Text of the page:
Soft drink shakeup stalls Coke plant in Howard


Soft drinks aren't just cola, Seven-Up or ginger ale anymore. Arizona, Fruitopia, Tropicana Twister, PowerAde, All Sport, Clearly Canadian and other upstart brands are stirring up the beverage trade.

Smaller operators, such as Snapple, are trying to take fizz out of the soft-drink superpowers. Coca-Cola Co. and Pepsico Inc. have responded with "alternative" fruit drinks, teas, sport beverages and bottled waters of their own. Stores, wholesalers, factories and market

researchers have trouble keeping track of it all.

The ferment hit Maryland yesterday, as Coca-Cola Enterprises confirmed earlier reports that it would delay construction of a $200 million production and warehouse complex on property it owns in Howard County. The reason: Soft-drink distribution operations are becoming just as cluttered as the store beverage shelves they supply.

When Coca-Cola engineers designed the high-tech Howard vTC warehouse, they counted on handling Coke, Diet Coke, Sprite and other mainstay brands. Now that PowerAde, ready-to-drink Nestea, Fruitopia and Naya water have been added to the Coca-Cola lineup, the designers must recheck the blueprints.

"Those are all product lines that have been introduced since the 1992 announcement of that facility," said Katherine Whiting, a spokeswoman for Coca-Cola Enterprises. "Putting those orders together in a reasonable amount of time and space would have been very complicated."

It's not just the distribution center that's on hold. A Coca-Cola Enterprises bottling plant and syrup-concentrate factory to be operated by Coca-Cola USA are also delayed, Mrs. Whiting said, but only because their layouts will depend on the warehouse setup.

Officials said they could not estimate when construction will proceed on the site, which Coca-Cola Enterprises bought for $15 million two years ago. But the company said it "firmly believes that Maryland, and specifically Howard County, provides the right business climate for the location of this facility."

It's possible that Coke's new brands could even expand the operation, a fact that was not lost on local officials. As previously envisioned, the complex would generate 500 jobs.

A larger facility "would be a pleasant problem to have," said Richard W. Story, executive director of the Howard County Economic Development Authority.

Bigger sales are clearly what Coca-Cola Co. had in mind when it started adding brands in recent years.

It set up a joint venture with Swiss food giant Nestle to produce ready-to-drink Nestea. In March, Coke introduced Fruitopia juice-based drinks. And this summer it went nationwide with PowerAde, a competitor to Quaker Oats Co.'s Gatorade that had previously been sold only regionally.

Coke's moves are as defensive as they are aggressive, industry analysts said. Its motive: Americans are changing their minds about the best way to quench a thirst.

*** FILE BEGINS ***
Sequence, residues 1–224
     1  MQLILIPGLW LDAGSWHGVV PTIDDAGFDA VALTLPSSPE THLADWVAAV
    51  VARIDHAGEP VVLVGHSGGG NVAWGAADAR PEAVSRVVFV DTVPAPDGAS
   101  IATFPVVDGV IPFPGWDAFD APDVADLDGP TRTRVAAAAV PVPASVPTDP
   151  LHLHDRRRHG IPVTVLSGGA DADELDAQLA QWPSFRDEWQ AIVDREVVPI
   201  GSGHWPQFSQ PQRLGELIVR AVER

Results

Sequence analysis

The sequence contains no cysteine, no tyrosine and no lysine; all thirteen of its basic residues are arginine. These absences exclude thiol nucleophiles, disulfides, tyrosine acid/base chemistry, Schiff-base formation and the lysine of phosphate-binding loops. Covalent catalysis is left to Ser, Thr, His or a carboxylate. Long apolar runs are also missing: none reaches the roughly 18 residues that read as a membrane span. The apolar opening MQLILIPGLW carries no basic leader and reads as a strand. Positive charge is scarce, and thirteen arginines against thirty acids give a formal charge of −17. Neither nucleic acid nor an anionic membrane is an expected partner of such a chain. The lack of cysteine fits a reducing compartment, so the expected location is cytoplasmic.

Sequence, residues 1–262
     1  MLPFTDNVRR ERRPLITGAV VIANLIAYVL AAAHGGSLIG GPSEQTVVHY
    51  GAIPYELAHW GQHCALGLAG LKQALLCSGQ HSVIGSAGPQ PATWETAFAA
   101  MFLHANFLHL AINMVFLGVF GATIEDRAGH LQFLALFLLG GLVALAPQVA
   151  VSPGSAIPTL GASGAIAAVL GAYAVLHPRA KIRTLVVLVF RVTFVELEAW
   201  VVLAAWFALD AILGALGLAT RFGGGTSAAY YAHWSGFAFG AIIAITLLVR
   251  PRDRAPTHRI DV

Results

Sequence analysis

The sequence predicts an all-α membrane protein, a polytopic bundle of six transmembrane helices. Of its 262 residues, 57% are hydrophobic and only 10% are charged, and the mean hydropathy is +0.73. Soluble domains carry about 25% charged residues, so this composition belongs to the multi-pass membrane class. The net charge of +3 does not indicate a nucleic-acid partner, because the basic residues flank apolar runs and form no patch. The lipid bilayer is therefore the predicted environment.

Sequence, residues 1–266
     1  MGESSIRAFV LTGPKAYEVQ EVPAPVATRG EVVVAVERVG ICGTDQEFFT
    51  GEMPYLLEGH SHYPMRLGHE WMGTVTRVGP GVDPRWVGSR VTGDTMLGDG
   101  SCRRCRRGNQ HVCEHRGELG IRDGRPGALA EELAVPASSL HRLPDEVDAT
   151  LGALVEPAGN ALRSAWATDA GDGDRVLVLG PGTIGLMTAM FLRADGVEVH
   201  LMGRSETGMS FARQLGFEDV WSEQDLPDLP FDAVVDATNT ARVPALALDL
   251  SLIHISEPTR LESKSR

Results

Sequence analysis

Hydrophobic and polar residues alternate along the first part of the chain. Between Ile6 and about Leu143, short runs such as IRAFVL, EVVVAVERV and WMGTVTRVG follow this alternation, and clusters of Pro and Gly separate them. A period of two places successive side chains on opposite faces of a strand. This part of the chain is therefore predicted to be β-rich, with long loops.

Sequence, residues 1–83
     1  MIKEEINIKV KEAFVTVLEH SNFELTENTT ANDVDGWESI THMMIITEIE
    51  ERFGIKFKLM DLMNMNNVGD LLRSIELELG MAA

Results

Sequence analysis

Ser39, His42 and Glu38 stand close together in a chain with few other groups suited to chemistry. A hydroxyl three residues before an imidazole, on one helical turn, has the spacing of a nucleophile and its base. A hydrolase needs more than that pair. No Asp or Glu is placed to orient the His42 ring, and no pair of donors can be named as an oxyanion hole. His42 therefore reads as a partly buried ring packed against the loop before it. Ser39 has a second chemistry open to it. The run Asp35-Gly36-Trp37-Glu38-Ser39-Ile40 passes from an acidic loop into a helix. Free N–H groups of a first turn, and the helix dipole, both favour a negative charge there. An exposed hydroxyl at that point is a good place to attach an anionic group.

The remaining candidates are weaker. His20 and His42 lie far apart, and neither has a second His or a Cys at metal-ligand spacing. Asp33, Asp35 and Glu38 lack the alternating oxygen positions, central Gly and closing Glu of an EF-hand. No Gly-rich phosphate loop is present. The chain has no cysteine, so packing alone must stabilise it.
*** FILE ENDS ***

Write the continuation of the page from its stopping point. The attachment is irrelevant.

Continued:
For years, people have been drinking less liquor and beer. More recently, cola's piece of the country's 12.7 billion gallon annual soft-drink consumption, estimated by consultants Beverage Marketing Corp. to be about 68 percent, has been shrinking.

Instead, "people are drinking more and more of the new-age beverages, such as ready-made teas, juices and bottled water," said Hank Behar, editor of Beverage Aisle, a monthly trade magazine for drink

No operator demonstrates the trend better than Snapple Beverage Corp., the Valley Stream, N.Y., company that went public in 1992 and sold $516 million worth of all-natural ice teas and fruit drinks last year.

Industry obsession with alternative drinks "basically all started with the phenomenal success of Snapple and its ice teas," said Hellen Berry, vice president of market research for Beverage Marketing Corp., based in New York. "Once there was such great interest in Snapple, Coke and Pepsi got on the bandwagon."

Pepsi now has alliances with Lipton and Ocean Spray to sell tea

and fruit drinks. It, too, has introduced a sport drink: All Sport.

Demand for alternative drinks will continue to bubble, experts said. Ready-to-drink tea sales should grow at an annual compound rate of nearly 20 percent through 1998, Beverage Marketing Corp. believes. Noncarbonated fruit-drink sales will grow more than twice that fast over the same period, the firm said.

What's unclear is how much of that growth will go to Coke and Pepsi.

"I think Fruitopia is kind of late to the party," said David Presson, who follows Coca-Cola Co. for Edward D. Jones, a St. Louis-based investment house. Even if they're big hits, alternative beverages will be minor parts of Coca-Cola and Pepsi. But even small shipments of new-age products could complicate Coca-Cola Enterprises' Howard County distribution center, which officials have said will rely heavily on automated systems.

Two years ago, managers figured the warehouse would handle 130 products, as categorized by beverage type, flavor, bottle size, packaging and so forth, Mrs. Whiting said. Now the estimate is more than 300 such "stock keeping units," she said, and it could grow more.

"Every company does a retooling, a rethinking of plans," said Mr. Story, the economic development official. "While this is a delay, it is merely an extension of the planning phase. We fully expect them to implement this . . . when they've finished the planning."

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